[EDITOR'S NOTE: Press Play presents "Should Win," a series of video essays advocating winners in seven Academy Awards categories: supporting actor and actress, best actor and actress, best director and best picture. These are consensus choices hashed out by a pool of Press Play contributors. Follow along HERE as Press Play decides the rest of the major categories including Best Director, Best Actor, Best Actress, Best Supporting ActressBest Supporting Actor and Best Documentary. Important notice: Press Play is aware that our videos can not be played on Apple mobile devices. We are, therefore, making this and every video in this series available on Vimeo for these Press Play readers. If you own an Apple mobile device, click here.]


All of the 2011 Best Picture nominees have their merits, but one towers above the rest: The Tree of Life, writer/director Terrence Malick's film about…well what is The Tree of Life about, anyway? For a free-associative non-linear movie that skips back and forth through time and space, and that includes a lengthy early section recounting the creation of the universe, the movie was a surprising commercial success, dominating discussion among cinephiles throughout a summer moviegoing season that is usually overshadowed by much louder, dumber movies. And at the center of the discussion were very basic questions about writing and direction – about storytelling generally – that cut to the heart of what movies are and what they can be.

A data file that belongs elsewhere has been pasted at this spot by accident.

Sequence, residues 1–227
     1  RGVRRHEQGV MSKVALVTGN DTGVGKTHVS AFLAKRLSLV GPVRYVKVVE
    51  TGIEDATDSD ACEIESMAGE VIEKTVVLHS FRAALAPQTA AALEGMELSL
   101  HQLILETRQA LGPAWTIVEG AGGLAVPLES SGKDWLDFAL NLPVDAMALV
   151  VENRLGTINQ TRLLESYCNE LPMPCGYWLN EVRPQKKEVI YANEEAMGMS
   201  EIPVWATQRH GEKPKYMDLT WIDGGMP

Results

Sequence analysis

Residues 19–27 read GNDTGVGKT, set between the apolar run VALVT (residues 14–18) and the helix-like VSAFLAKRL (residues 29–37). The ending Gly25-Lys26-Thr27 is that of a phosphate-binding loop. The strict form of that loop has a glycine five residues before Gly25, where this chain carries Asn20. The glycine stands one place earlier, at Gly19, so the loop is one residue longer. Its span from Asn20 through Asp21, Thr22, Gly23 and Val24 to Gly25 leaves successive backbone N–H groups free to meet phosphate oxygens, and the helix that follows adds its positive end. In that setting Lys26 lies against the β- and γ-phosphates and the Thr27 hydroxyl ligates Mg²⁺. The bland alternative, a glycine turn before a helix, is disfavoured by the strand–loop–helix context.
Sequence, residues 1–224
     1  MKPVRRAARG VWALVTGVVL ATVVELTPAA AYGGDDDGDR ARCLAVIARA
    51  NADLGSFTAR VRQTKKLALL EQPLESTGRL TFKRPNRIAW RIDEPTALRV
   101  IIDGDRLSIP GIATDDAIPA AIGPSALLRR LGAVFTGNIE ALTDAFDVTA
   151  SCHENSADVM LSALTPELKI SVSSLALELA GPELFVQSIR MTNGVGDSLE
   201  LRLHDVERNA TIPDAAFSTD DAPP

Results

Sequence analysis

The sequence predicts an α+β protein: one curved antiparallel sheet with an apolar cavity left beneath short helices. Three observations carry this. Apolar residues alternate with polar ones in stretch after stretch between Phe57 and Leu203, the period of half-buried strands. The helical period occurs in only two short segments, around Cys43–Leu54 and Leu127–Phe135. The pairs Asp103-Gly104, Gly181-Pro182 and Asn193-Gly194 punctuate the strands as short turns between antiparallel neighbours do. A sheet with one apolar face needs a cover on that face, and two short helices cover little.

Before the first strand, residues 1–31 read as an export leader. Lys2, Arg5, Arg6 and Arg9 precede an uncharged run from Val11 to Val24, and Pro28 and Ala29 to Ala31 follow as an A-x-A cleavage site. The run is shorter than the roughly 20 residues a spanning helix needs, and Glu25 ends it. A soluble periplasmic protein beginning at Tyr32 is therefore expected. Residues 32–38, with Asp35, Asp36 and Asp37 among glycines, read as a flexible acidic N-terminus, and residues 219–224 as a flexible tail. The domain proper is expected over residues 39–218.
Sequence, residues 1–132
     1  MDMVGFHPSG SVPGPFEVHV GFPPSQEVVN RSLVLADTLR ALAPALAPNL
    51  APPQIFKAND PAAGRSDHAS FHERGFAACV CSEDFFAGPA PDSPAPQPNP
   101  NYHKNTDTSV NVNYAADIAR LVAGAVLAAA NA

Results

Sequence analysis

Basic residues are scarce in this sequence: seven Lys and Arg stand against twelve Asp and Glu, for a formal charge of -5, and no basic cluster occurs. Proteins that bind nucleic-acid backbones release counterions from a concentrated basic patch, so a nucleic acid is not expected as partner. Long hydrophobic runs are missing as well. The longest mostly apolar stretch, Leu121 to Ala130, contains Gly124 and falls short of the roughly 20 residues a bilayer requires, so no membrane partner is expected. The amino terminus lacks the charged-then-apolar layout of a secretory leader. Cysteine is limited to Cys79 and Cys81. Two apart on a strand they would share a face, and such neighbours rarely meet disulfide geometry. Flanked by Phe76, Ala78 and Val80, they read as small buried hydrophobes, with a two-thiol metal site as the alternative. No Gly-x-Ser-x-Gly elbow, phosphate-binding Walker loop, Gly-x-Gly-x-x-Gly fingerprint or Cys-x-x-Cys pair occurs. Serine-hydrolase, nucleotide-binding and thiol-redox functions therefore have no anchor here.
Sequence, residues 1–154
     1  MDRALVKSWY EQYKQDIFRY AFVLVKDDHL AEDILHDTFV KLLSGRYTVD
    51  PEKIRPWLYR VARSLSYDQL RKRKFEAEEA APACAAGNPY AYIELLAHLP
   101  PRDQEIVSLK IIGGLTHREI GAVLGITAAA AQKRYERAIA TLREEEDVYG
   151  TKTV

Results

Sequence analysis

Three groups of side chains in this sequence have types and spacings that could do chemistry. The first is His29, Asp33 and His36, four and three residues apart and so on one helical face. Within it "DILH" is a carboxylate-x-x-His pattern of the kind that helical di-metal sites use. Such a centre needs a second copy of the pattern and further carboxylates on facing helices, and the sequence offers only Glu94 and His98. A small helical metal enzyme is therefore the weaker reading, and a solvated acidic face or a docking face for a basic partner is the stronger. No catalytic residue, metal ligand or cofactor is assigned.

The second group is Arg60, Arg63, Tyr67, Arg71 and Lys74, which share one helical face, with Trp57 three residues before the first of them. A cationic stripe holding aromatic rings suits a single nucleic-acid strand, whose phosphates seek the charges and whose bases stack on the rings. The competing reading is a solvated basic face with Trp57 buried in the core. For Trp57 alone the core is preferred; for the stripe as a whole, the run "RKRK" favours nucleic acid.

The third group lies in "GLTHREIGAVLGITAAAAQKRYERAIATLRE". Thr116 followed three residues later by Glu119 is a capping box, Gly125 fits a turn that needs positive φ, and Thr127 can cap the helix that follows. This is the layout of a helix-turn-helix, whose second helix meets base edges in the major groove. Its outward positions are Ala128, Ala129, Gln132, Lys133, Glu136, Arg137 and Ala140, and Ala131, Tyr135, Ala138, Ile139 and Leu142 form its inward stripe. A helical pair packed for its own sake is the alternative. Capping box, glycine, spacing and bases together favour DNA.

nullIt's impossible to discuss the movie without posing a number of questions. Whose story are we seeing here? Is it the story of the middle-aged Jack, played by Sean Penn, and his younger self? That point of view would not account for the voiceovers and subjective sequences told from the point of view of the father, played by Brad Pitt, and the mother, played by Jessica Chastain. Is the creation sequence an integral part of the movie's vision or an unnecessary and indulgent side-trip? In the scene between the wounded dinosaur and the predator down by that prehistoric river, why does the predator seem as though he's going to crush his skull, and then suddenly back off? Are we seeing the first stirrings of the schism that is discussed and visualized in different sections of the film – the way of nature versus the way of grace? Or is there some other explanation? Is there a God in Terrence Malick's universe? The repeated shots of trees, water, clouds, sky and figures haloed or backlit by intense, almost heavenly light would seem to indicate that, yes, there is a God, but uncertainty permeates the entire story, if indeed there is a story – and this, too, was the subject of debate.